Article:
I can warmly recommend stopping by this place for those who are into cocktails. You can feel confident that your drink will be made with care and skill doing justice to the word artisan. Service was also, which is seldom the case in Singapore, very attentive and good.
Bar stories ranks perhaps as my number one cocktail bar in Singapore (maybe even the world). If you would ask M, he would prefer Longplay (review here), but I am sure this place would not be long behind.
Bar stories is located on Haji lane, a street where the Western and Middle-Eastern cultures collide. There are many bars around with tourists and expats having drinks, but also bars that serve no alcohol to respect the Arab-heritage. Bar stories is located in the upstairs of an old shop-house. Its not a speakeasy per-se, but it is not something you wonder into without knowing what it is.
Upon entering we were greeted and seated at the end of the bar. I love a seat with a view! The concept was as in Bitters & Love (review here), there is no menu, you explain to the bartender what you like and they will make you a drink. We went with our usual spirits of choice, me wit gin and M with a dark rum. We are perhaps a bit boring, but it helps compare one place to another. Also I am really not fond of whiskey, cognac or vodka as a base, so the options are limited. The bartender also asked some questions like do I like lemongrass and could I handle some egg white in my drink (YES!).It was nice to get some suggestions as I would perhaps not have thought about them myself.
I could already see from the equipment they had at hand that we were going to see some party tricks. I don’t mind as long as my drink is good. M’s cocktail arrived with a flaming branch or rosemary, and mine with a long lemongrass sticking out of the Martini glass. Looking around others had pretty cool looking drinks as well, and none of them looked the same. The staff seemed to like experimenting and you could see they were having fun with it. The taste was wonderful, like a mix of a fresh breeze and dessert (due to the creaminess of the egg white) with spices on top.
We only had one round of drinks this time, but I can imagine I could have sat there sipping on cocktails for a full evening. The ambiance was charming and relaxed and the cocktails excellent. As with many nice bars these days, it is possible to reserve a table (I remember the days in Finland when it cost something and you only got a crappy bottle of Vodka and some mixers as “compensation”). There doesn’t seem to be any food or snacks, so my recommendation would be to have dinner before going.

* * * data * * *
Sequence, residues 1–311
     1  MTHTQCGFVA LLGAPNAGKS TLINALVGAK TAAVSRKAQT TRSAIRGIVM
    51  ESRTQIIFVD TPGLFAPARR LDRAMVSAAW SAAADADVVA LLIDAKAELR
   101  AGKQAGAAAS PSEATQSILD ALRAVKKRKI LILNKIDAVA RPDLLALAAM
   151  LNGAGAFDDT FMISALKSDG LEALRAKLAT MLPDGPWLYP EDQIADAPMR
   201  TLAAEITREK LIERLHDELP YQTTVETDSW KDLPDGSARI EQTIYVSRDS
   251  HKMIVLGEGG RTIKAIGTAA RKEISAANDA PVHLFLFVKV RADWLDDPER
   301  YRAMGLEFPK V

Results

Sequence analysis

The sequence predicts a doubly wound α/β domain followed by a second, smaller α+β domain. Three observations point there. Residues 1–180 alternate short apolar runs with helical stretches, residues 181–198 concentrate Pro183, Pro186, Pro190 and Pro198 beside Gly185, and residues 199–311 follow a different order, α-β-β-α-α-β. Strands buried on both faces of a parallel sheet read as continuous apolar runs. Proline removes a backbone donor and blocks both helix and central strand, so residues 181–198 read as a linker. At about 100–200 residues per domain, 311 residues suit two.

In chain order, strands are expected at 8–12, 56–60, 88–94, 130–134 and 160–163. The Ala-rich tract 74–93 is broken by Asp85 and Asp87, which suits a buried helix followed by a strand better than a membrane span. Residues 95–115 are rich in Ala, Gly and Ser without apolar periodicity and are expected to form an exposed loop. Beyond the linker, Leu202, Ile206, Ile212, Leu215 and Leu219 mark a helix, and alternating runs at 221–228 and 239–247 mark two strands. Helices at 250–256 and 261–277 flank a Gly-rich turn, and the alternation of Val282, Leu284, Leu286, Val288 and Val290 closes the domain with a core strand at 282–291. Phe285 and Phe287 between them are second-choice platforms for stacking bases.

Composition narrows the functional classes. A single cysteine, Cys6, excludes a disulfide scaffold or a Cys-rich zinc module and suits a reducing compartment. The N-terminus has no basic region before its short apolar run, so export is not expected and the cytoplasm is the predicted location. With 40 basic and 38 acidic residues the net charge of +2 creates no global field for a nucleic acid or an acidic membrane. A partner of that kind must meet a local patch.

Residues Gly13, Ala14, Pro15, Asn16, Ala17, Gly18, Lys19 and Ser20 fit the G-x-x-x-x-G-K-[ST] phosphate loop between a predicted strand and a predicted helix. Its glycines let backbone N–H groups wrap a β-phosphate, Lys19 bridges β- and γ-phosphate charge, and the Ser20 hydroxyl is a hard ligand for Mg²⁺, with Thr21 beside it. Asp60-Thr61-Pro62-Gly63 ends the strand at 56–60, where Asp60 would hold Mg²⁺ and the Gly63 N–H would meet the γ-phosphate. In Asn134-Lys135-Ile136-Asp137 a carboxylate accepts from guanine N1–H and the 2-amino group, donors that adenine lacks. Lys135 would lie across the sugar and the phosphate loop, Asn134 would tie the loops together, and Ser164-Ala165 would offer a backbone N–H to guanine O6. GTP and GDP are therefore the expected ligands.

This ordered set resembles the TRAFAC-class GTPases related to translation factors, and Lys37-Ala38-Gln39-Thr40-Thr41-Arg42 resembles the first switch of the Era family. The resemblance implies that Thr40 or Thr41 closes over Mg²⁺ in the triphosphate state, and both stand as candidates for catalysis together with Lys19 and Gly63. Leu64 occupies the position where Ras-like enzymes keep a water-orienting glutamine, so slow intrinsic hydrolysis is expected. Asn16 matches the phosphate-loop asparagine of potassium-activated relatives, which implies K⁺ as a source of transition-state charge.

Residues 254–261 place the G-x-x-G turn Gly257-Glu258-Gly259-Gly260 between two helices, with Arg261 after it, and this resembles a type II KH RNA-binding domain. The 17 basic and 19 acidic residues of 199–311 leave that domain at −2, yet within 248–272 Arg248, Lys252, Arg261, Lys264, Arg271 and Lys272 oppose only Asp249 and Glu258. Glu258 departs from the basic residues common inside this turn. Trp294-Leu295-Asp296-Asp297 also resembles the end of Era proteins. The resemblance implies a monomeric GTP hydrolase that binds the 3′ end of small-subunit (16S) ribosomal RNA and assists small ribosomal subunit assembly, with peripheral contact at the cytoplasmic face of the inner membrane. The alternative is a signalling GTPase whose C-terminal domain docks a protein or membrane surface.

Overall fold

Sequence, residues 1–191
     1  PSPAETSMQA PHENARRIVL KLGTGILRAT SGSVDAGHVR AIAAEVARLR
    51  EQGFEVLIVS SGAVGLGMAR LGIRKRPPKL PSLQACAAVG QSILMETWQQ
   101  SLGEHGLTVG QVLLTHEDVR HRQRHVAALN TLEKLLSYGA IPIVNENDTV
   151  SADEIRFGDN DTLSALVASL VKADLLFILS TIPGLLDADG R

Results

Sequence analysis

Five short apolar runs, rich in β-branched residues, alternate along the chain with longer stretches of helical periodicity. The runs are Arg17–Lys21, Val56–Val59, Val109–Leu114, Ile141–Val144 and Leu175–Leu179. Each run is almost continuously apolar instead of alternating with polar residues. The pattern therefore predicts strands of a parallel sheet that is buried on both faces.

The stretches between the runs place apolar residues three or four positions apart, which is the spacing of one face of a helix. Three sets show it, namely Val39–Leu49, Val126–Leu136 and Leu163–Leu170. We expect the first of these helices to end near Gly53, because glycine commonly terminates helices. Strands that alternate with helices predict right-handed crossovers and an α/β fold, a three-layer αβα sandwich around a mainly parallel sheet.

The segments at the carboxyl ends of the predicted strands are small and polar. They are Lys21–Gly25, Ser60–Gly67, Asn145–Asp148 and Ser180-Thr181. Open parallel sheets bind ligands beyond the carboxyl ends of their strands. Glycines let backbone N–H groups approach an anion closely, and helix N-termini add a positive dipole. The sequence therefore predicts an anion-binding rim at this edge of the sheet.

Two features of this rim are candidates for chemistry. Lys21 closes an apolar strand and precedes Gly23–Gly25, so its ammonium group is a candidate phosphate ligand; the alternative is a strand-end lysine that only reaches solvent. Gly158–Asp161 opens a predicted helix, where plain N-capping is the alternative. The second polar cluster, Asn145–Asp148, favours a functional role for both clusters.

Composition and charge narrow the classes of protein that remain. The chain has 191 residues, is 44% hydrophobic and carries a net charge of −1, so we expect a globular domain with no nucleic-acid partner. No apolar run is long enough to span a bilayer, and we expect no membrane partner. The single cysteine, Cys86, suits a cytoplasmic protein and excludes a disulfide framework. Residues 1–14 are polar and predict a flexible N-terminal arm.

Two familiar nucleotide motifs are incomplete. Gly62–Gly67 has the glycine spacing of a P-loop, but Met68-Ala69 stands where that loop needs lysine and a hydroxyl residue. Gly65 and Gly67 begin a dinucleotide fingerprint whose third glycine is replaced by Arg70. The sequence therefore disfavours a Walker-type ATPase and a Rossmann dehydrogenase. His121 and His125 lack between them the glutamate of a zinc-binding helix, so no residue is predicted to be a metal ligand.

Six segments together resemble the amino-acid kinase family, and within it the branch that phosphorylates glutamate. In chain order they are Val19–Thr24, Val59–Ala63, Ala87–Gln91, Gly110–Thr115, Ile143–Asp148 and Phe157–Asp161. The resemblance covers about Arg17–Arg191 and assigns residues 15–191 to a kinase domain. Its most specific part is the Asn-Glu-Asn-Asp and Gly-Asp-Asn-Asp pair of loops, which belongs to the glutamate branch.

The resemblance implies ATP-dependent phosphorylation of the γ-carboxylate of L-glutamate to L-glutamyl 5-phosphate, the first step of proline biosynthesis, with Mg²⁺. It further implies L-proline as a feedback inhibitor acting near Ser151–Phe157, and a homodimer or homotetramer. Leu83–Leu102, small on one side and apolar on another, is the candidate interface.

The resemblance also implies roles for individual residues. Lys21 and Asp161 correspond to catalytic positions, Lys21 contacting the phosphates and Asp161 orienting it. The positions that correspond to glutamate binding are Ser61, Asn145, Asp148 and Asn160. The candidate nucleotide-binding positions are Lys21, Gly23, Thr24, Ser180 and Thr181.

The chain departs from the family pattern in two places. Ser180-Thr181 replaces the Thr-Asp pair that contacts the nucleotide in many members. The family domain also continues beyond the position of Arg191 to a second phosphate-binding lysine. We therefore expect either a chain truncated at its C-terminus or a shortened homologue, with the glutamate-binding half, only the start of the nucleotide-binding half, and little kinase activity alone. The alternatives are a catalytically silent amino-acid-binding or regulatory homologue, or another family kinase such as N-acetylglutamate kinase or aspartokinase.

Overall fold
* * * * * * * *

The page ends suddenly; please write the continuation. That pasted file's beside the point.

Bar Stories, I love you and I hope we meet again soon!
As I mentioned in the last Wineweek, we did some cocktail-hopping over Valentines day weekend. Because we were concerned there would be a lot of people out, and we wanted to visit as many places as possible, we set out on our journey already at 6pm. Great choice as we had no trouble getting a seat at Bitters & Love, a much talked about “speakeasy” here in Singapore. The bar is not really what you could call a real speakeasy. It’s located in the back room of a restaurant called Shoebox Canteen. There are no signs outside, but you can already see from the door that there is something going on in the back. The look of the place is lightly hipster, but I suspect that the real pioneers have already moved on to something new and cooler. I don’t mind at all, I am here for the cocktails, not to get on the good side of the in-crowd (I’m too old for that).
The concept is simple: you have a menu with a set of flavours (sweet, sour, spicy etc) and a list of spirits. You tell the bar tender the spirit and flavour of your choice (you do not need to limit yourself to the list provided either) and perhaps describe what kind of ingredients you like (I love stuff like ginger, cucumber and mint in my drinks), and the bartender will make you a drink based on that. Awesome if you are a person who likes surprises (not so awesome if you are not). I chose a nice Gin and asked for something spicy (not Asian spicy, but in the medium range) and M selected a dark Rum and asked for something fresh and full. After a short wait we were served a pair of beautiful drinks that did not disappoint neither in looks or taste. Both wishes had been taken into account and we got to taste something new.
We also ordered some bar snacks as a substitue for a ‘proper’ dinner: some truffle fries, chicken fritters and sliders. All were pretty decent. Not the best gourmet experience of my life, but took away the hunger. The only real disappointment for us was that we could not order from the Shoebox Canteen menu and eat at the bar. Perhaps they have this policy to make sure the cocktail bar stays as a cocktail bar, I would just really have liked to have a larger menu. All in all, Bitters & Love was an excellent experience. Not the cheapest cocktail bar in town with drinks ranging from 19-26 SGD, but at par with other places (it’s the weakening Swedish krona that is killing me). I definitely recommend popping by if you are in Singapore. If you can’t make it before 8pm, I recommend reserving a table up front.